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Democrats Mourn Loss of Net Neutrality, But Industry Supporters Call it a New Day

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This article was written and reported by Andrew Feinberg and Heather Heimbach.

WASHINGTON, June 12, 2018 – As the Federal Communications Commission’s repeal of Obama-era network neutrality rules took effect Monday, Democrats and net neutrality advocates vowed to continue the effort to use a Congressional Review Act resolution to roll back the new FCC rules.

“There will be no eulogy today for net neutrality,” said Sen. Ed Markey, D-Mass., a longtime network neutrality advocate and a member of the Senate Commerce Committee.

“The FCC will not have the last word when it comes to net neutrality, the American people will,” he said. “The fight to restore net neutrality rules has new urgency today and moving forward as we continue to work in the House of Representatives to repeal the FCC’s terrible decision.”

Markey urged House Speaker Paul Ryan, R-Wis., to call for a floor vote on a companion bill to the CRA resolution passed by the Senate last month. The CRA measure, if it passed both chambers and were signed by the president, would void the laissez-faire “regulations” promulgated by the FCC in December 2017, under agency Chairman Ajit Pai.

‘An overwhelming majority of Americans’ support net neutrality, say Democratic legislators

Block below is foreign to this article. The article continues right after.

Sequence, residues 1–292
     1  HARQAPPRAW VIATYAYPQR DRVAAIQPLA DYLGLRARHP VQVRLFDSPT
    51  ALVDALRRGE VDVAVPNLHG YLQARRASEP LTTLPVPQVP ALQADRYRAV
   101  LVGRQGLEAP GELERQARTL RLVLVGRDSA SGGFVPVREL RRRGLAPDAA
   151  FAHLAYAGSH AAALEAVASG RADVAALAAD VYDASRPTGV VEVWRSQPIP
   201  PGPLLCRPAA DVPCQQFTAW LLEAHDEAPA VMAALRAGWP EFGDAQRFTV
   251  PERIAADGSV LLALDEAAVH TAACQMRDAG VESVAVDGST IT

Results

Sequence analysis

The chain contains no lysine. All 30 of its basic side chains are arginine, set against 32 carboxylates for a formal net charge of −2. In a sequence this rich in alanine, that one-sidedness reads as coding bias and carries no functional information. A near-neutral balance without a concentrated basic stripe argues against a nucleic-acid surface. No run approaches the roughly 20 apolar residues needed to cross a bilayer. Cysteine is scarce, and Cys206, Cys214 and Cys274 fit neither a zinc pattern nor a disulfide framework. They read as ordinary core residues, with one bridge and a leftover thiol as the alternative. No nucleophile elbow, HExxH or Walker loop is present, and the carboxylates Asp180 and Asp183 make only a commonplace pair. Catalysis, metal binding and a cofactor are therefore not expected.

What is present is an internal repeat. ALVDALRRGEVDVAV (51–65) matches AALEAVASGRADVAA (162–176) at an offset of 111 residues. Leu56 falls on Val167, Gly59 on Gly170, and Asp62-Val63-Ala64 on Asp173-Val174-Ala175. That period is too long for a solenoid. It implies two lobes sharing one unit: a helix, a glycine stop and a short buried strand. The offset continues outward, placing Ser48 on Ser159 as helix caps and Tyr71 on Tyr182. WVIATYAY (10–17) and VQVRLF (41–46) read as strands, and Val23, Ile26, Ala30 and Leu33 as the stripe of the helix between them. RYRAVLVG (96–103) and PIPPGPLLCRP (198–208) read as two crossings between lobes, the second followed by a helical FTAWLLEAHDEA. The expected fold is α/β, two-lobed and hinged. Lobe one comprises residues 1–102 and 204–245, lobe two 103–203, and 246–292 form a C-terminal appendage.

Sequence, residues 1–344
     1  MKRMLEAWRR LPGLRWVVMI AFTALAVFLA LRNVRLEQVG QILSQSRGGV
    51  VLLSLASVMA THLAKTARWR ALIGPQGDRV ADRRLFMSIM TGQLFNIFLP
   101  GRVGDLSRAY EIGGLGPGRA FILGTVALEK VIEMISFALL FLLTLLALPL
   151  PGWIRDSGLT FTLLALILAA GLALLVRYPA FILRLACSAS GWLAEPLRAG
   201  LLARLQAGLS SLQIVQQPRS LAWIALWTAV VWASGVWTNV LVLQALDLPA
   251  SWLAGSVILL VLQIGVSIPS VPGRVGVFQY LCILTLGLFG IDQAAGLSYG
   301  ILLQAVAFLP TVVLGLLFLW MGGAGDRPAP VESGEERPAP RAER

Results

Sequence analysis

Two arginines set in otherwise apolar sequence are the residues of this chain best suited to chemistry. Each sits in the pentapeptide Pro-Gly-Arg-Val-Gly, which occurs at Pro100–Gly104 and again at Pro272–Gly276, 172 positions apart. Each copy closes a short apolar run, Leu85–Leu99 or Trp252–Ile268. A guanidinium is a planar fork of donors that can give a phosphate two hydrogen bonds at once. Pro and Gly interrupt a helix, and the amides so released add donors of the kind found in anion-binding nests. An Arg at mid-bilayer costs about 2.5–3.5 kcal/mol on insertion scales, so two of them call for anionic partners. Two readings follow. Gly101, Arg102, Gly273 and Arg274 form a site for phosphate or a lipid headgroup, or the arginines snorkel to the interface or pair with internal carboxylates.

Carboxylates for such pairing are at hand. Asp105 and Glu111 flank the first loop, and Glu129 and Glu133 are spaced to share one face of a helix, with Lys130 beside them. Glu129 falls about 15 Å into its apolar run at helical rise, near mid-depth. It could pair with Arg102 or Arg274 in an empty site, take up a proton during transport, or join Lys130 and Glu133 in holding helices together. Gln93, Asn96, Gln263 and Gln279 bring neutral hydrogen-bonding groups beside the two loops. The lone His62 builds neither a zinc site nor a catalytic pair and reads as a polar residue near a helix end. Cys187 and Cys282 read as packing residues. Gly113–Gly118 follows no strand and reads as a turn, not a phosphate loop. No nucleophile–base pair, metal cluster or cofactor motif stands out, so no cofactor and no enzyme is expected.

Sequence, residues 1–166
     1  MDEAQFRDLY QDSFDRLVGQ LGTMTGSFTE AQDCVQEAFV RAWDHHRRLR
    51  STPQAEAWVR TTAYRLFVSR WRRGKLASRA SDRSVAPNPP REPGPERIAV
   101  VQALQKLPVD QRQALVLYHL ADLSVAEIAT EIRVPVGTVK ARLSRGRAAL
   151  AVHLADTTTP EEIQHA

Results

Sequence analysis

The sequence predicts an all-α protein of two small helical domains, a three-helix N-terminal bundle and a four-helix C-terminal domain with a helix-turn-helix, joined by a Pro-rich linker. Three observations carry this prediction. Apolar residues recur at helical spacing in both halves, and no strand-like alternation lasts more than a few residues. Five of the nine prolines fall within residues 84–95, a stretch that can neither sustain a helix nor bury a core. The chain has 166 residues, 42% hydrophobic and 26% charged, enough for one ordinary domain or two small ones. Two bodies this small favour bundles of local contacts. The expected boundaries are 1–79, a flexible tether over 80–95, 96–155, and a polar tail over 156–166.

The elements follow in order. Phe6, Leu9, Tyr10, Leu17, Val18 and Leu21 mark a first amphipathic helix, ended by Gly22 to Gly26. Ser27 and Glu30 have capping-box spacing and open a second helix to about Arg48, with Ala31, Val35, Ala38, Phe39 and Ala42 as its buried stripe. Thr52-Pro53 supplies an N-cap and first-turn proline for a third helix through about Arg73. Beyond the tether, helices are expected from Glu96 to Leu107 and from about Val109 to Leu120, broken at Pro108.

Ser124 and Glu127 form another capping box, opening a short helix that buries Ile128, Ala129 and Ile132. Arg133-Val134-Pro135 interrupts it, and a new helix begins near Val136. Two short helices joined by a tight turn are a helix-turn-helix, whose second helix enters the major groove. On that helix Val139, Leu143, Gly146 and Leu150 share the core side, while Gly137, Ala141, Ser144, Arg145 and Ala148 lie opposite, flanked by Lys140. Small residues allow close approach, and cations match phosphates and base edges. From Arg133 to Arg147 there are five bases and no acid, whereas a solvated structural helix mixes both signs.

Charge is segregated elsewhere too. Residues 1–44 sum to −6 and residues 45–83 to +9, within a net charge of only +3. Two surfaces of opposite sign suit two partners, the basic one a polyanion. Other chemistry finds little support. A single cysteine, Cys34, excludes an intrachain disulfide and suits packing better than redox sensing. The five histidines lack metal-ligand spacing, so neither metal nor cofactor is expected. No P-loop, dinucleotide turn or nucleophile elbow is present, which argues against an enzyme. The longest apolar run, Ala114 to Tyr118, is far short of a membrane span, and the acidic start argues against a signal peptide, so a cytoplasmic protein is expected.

The sponsor of that companion CRA bill, Rep. Mike Doyle, D-Pa., noted that “an overwhelming majority of Americans” support network neutrality despite the FCC’s refusal to follow public sentiment, but that it was “still possible” to save the policy by passing his resolution.

“The Senate has voted to overturn the FCC order that killed off net neutrality,” Doyle said. “Now the House must do the same.”

Senate Minority Leader Chuck Schumer, D-N.Y., slammed Ryan’s refusal to bring the Markey-Doyle resolution to the House floor.

“By refusing to bring up the Senate-passed resolution to restore net neutrality, which passed the Senate by a powerful bipartisan vote, House Republican leaders gave a green light to the big ISPs to charge middle-class Americans, small business owners, schools, rural Americans, and communities of color more to use the internet,” Schumer said, adding that the entire Senate Democratic Caucus had sent Ryan a letter urging him to move Doyle’s bill forward.